Failed Change Initiatives Come Down To The CEO

 Most TEC-involved CEOs and organization leaders are well aware of the elements that need to be in place to create change initiatives.  In today’s world, change comes more rapidly than ever.

But by and large, these initiatives are not sufficiently successful … at least they don’t reach the performance levels we aspired to.

Why?

In his TEC presentations, Michael Canic of Bridgeway Leadership, Denver, provides a litany of required efforts under the headings of the right environment, focus and people.  But we get all that.  We do it, at least most of it.  So, why don’t our people make it happen?

He was asked about the top three reasons after a recent presentation.  They are, in his consulting experience:

1.  CEO Commitment

We say we are, but we actually aren’t.  Canic says, “There is a massive difference between the will to win, and the will to do what it takes to win.”  We earnestly put in place the roadmap for the change initiative and make assignments to our most competent direct reports, with touch base sessions.  But then we get distracted with all the other demands on our time.  We fail to give the impression that the change effort is a “must”.  We send a “mixed message.”  The energy we initially created subsides.

What the CEO has to do, he says, is have just one major commitment at a time … and focus relentlessly on it.  There might be three important ones, but deal with them sequentially.  It will be CEO attention that makes them happen, he says.  By your paying attention, people take responsibility to perform on schedule.

2.  CEO Capability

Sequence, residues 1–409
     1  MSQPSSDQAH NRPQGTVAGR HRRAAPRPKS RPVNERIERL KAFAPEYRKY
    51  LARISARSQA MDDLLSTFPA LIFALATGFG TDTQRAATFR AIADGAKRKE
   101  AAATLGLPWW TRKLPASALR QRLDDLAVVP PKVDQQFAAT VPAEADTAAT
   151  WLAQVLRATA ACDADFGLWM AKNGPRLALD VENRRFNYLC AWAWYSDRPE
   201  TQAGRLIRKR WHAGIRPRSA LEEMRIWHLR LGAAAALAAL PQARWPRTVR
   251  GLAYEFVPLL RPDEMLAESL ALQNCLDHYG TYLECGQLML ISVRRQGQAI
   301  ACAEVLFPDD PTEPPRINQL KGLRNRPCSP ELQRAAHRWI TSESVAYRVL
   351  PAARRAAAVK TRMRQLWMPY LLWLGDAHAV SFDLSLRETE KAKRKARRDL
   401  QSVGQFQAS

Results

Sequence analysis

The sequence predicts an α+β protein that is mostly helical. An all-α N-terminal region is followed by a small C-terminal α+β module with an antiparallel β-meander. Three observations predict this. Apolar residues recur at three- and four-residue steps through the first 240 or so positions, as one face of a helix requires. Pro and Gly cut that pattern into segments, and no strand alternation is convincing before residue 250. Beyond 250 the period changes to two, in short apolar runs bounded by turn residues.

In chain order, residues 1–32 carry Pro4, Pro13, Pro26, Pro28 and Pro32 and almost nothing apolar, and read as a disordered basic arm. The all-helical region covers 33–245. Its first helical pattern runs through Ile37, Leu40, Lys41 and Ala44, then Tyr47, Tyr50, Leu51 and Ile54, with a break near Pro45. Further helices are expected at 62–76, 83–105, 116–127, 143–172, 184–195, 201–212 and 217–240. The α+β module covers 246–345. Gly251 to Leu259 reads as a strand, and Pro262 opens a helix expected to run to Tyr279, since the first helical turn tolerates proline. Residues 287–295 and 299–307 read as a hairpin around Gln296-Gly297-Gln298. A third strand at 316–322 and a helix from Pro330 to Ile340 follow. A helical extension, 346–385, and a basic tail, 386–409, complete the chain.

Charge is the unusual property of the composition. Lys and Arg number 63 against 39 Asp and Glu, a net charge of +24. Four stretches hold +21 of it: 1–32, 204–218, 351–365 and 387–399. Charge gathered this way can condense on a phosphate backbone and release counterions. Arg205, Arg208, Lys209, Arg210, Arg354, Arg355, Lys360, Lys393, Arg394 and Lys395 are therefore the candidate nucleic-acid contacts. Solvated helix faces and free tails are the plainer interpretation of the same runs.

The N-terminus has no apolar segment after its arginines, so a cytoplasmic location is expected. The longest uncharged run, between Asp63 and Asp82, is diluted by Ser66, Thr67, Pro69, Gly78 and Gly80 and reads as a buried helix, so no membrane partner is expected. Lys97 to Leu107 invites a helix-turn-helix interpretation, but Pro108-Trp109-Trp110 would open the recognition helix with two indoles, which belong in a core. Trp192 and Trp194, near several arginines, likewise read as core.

Simply, this means that some important elements aren’t put in place.  The CEO doesn’t know about them, or doesn’t feel they’re important to the initiative.  We’re good at knowing the technical things that have to happen, but not the “people” things.  These include knowing that people really do understand the purpose … what success looks like … have the knowledge and skills to do what’s expected of them … that they know what’s expected and by when … that they get affirmation … and help when they have a problem.  Simple things when we say them … but often missed.  Have a very visible Master Calendar, showing initiatives, champions and timelines, and manage to it.  It shows people the whole process is being managed, and they see where their part fits in.

As Canic says, what YOU do as CEO is not as important as what your PEOPLE experience.  Don’t assume.

3.  CEO Control of His/Her EGO

Too often, he says, CEOs compromise their own forward success by reflecting their past success in how they comport themselves, in their demeanor.  People recognize this immediately.  You aren’t on the same “level” with them, not on the same “team” with them … and it affects their commitment.  Successful change leaders hold their egos in check.  They put what’s necessary in place, and then spend the rest of their time being a servant, helping others to be successful.

Interestingly, he notes, all failed change initiatives come down to the CEO!